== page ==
“Be like the bird that, passing on her flight awhile on boughs too slight, feels them give way beneath her, and yet sings, knowing that she hath wings.” Victor Hugo
“We gain a new definition of freedom when we also remember and consider the roles of ordinary people who did extraordinary things at this moment.”
Taken from the book “An Army of Amateurs” written by Philippe De Vomecourt, about his work with the Résistance during World War II.
Extraordinary versus ordinary, and who are those people? On occasion, we see articles about ordinary people, some of them young and some of them old, who are thrown into a situation and without thinking they do the impossible, such as they lift a car off of another person to save their life. And we all marvel at such an occurrence since under normal circumstances they wouldn’t be able to do such a feat.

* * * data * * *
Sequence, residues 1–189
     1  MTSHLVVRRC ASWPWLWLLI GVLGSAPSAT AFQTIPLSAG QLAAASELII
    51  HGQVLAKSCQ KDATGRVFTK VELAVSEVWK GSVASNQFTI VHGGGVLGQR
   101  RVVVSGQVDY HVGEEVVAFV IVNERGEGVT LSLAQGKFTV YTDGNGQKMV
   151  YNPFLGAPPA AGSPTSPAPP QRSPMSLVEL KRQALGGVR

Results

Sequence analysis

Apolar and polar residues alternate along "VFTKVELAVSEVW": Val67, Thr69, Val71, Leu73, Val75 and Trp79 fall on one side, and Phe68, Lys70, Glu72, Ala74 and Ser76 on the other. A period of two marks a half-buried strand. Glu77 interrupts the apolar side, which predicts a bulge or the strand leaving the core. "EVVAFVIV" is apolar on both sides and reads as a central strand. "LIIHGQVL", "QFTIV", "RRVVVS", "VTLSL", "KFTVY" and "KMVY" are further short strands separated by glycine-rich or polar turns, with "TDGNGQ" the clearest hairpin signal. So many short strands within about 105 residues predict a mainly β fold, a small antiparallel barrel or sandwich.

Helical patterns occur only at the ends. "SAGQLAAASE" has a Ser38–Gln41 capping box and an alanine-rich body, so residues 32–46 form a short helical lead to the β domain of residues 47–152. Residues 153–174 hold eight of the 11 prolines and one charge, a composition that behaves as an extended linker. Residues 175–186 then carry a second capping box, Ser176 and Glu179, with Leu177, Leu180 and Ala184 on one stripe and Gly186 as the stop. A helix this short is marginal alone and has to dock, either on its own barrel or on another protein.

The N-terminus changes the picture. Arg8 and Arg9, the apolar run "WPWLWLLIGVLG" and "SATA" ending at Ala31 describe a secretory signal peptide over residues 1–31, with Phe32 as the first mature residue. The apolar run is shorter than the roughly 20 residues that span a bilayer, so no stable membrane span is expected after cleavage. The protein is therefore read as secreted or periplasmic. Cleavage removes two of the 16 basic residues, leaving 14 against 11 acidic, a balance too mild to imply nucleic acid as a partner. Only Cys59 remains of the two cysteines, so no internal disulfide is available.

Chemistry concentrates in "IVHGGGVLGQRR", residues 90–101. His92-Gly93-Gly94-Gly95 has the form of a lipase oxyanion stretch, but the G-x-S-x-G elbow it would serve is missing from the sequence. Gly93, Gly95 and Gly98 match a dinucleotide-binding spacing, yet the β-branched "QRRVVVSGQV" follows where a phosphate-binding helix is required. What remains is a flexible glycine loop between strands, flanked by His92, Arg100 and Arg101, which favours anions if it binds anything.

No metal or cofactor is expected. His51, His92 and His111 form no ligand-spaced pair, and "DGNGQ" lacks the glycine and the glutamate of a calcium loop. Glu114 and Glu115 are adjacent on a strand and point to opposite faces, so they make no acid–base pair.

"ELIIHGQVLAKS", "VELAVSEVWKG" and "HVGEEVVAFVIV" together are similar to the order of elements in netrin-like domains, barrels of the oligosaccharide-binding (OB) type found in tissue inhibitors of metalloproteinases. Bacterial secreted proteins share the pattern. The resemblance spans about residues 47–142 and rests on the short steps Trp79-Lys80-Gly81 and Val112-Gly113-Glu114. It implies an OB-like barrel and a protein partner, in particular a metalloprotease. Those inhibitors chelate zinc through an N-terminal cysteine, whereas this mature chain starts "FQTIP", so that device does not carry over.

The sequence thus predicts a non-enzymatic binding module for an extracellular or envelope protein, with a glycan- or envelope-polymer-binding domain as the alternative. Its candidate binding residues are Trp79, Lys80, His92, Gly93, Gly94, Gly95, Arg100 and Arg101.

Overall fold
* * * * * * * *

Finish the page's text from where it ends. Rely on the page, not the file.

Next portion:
Mr. De Vomecourt, the author of the above quote, was an interesting subject. He came from a wealthy maybe even considered an aristocratic family and had seen his share of life and adventure when World War Two came around. He had two brothers, and I believe he was the middle child. They three came together and divided France up and each took an area to work and lead in the Resistance.
He saw firsthand the events the ordinary people did throughout France under very difficult times with an ever-present enemy and everywhere present enemy. For five long years, the people of the Resistance suffered without the guarantee that they would ever be free from their enemy.
Our lives are in a sense a piecemeal of works. A hodge-podge if you will of happenings. There is a birthday, then a one-year birthday, and so forth. Maybe there is schooling, graduation. A first job, a first love, marriage a family, and all through the years there are happenings, some notable as family members are added and some subtracted.